Community Garden Flourishes in Heart of East L.A.

El Vaquero Editor in Chief

Walking up to the entrance of Proyecto Jardin is like walking towards the open arms of a loved one. A sense of camaraderie permeates throughout the community garden, kissing every inch of the soil, plants, trees and the hands that help sow the future of Boyle Heights, one seed at a time.

Looking around, one would never imagine that the garden, adjacent to White Memorial Hospital, was once a run-down crack house and a breeding ground for all kinds of debauchery.

No remnants of illicit activities remain only tools, fertile soil and faces, like that of Daisy Tonantzian, who look to instill hope and advocate healthier lifestyles within the local community through gardening.

“We’re a communal garden, we all plant together and we all harvest together,” said Tonantzian. “Yes, we recognize that our communities need food, but we don’t have the capacity to feed the whole community-we do have the capacity to train people on how to do it themselves.”

Tonantzian is one of the five project coordinators that sit in the Proyecto Jardin committee. She has been involved with the project for almost four years and continues to be one of the leading advocates for the garden.

The committee is currently working on establishing the Peace for Tomorrow Foundation, a non-profit organization that Tonantzian hopes will acquire a year-to-year lease on the property where the garden sits, which is owned by White Memorial Hospital.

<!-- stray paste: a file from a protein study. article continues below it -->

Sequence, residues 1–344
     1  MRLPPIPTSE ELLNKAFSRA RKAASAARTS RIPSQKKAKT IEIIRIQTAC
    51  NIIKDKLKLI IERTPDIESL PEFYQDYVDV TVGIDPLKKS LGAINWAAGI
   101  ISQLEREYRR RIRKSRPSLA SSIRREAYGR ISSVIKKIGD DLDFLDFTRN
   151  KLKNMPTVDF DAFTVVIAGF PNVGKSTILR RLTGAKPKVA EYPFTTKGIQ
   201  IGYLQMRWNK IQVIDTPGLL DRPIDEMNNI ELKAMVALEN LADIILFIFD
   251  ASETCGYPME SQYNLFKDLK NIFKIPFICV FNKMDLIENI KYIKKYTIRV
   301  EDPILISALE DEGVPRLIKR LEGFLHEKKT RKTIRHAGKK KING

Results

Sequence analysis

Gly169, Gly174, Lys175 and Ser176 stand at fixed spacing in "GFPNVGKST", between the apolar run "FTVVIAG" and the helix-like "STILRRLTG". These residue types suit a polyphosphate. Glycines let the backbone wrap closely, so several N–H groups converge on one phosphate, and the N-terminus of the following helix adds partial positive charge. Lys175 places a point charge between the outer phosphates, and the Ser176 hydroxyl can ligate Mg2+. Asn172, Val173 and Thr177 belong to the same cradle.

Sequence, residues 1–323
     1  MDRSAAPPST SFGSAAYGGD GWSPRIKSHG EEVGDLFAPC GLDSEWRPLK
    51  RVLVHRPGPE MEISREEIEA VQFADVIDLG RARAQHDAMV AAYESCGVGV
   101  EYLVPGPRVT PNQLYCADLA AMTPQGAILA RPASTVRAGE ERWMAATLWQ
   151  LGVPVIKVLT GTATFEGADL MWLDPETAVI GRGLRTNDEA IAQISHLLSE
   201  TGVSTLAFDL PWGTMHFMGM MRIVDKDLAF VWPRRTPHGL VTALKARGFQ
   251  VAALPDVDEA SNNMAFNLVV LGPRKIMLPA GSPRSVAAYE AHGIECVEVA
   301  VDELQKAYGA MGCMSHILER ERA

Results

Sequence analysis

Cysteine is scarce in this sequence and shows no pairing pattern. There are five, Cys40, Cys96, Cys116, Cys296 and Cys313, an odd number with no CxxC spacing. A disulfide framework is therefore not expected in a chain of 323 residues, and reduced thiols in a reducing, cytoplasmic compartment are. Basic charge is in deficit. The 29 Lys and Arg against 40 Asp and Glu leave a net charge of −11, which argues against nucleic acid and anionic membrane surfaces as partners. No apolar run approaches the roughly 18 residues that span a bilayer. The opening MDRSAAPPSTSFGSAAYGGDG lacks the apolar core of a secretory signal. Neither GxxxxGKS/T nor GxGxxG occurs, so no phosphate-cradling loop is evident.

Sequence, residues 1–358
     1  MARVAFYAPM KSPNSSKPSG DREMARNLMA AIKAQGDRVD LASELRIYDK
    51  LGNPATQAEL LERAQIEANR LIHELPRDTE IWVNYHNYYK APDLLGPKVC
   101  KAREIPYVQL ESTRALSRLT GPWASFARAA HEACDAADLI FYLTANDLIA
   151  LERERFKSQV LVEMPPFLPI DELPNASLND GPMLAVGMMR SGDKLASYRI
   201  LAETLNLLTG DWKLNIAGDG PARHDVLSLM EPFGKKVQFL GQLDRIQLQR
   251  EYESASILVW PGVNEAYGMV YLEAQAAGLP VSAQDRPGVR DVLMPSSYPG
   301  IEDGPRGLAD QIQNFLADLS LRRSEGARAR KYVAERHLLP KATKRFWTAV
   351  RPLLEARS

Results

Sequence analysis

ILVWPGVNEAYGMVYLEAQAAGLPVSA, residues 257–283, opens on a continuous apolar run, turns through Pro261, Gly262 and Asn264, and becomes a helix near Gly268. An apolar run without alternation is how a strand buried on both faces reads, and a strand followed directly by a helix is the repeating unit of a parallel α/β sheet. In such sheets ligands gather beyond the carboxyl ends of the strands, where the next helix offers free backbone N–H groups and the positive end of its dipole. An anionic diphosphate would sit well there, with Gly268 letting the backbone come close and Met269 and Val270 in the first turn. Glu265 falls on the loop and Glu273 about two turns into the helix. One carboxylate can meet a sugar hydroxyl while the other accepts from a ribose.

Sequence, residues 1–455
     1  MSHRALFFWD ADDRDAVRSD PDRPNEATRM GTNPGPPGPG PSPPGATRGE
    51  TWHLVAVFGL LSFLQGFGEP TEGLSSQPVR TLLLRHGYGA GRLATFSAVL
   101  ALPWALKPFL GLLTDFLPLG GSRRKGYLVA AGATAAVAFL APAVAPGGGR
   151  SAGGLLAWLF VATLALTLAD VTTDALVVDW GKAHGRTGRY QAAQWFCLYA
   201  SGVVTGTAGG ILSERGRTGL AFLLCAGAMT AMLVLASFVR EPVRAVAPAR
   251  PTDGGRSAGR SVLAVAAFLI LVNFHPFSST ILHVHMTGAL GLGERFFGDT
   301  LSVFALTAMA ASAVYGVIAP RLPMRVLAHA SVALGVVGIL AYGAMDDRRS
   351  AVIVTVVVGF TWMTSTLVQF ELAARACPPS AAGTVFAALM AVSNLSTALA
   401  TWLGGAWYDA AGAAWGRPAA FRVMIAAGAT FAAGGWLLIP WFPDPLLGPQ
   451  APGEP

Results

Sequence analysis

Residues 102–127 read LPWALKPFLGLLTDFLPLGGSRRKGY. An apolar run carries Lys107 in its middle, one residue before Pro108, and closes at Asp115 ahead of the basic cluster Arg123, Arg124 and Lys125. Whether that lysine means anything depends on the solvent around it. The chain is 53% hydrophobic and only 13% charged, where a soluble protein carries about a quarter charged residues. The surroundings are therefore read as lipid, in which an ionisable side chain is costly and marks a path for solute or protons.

“[The goal] is to secure the land lease,” said Tonantzian. “They [White Memorial Hospital] can decided to build a clinic … fortunately that hasn’t happened yet.”

The garden counts with the assistance of several members of the community who turn-out regularly to keep the garden flourishing.
Some of these members include vendors at the Caracol Marketplace, a grassroots economic movement intended to generate funding for the garden.

Jesus Soto, a vendor at the marketplace, believes that the communal garden is also a great way for the community to learn about nutrition and the value of cultivating their own foods.
“[The garden is a way] to share knowledge and a way of creating something yourself,” said Soto. “[To know] where it’s [the food] is coming from, to know the value of it because you had to take care of it … is a big thing.”

Soto has been vending at Caracol Marketplace for almost two years. He became involved with the project when Lily Flor, a fellow vendor, introduced him to the idea of the marketplace.

At the marketplace Soto sells homemade Kombucha tea, a tea whose distinct taste and medicianal benefits come from the symbiotic culture placed in the tea.

A cup of Kombucha costs $1 donation, but the benefits are limitless, according to Soto.

“It boosts energy levels, [serves as a] natural detoxifier … and it’s really helpful if you apply it to your skin,” said Soto.
Soto is very active in the maintaining of the garden. On several occassions, he can be found with a shovel, digging up the soil and cleaning up weeds.

Although it is not required for the vendors to be that hands on when it comes to the garden, most do their part and share in the responsibilites.

The $25 it takes to set up a booth at the marketplace is a help itself.

Lisa Rocha, another vendor at the marketplace and founder of Ilaments jewelry, said that the fee to set up a booth is “minimal.”

Rocha hopes that the continued success of Caracol Marketplace and the garden itself “will serve as an example for other cities.”
“[I hope it] gives the message that it’s important to maintain places like this and support places like this,” said Rocha. “In the future, because of that [support], hoping that we have a future, that it [the garden] doesn’t end like the South Cental farm.”

The South Central farm, located in Los Angeles on 41st and Alameda street, is a 14-acre urban garden that was established in 1992. The farmers were evacuated this past summer after receiving a notice from the city, informing them that the property was being sold to a private developer.